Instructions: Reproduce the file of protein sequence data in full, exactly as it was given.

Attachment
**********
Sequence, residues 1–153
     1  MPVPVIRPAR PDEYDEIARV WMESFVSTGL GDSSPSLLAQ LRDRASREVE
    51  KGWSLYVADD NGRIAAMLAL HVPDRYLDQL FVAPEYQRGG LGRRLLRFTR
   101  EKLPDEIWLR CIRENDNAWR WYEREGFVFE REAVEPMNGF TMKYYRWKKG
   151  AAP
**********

Sequence, residues 1–153
     1  MPVPVIRPAR PDEYDEIARV WMESFVSTGL GDSSPSLLAQ LRDRASREVE
    51  KGWSLYVADD NGRIAAMLAL HVPDRYLDQL FVAPEYQRGG LGRRLLRFTR
   101  EKLPDEIWLR CIRENDNAWR WYEREGFVFE REAVEPMNGF TMKYYRWKKG
   151  AAP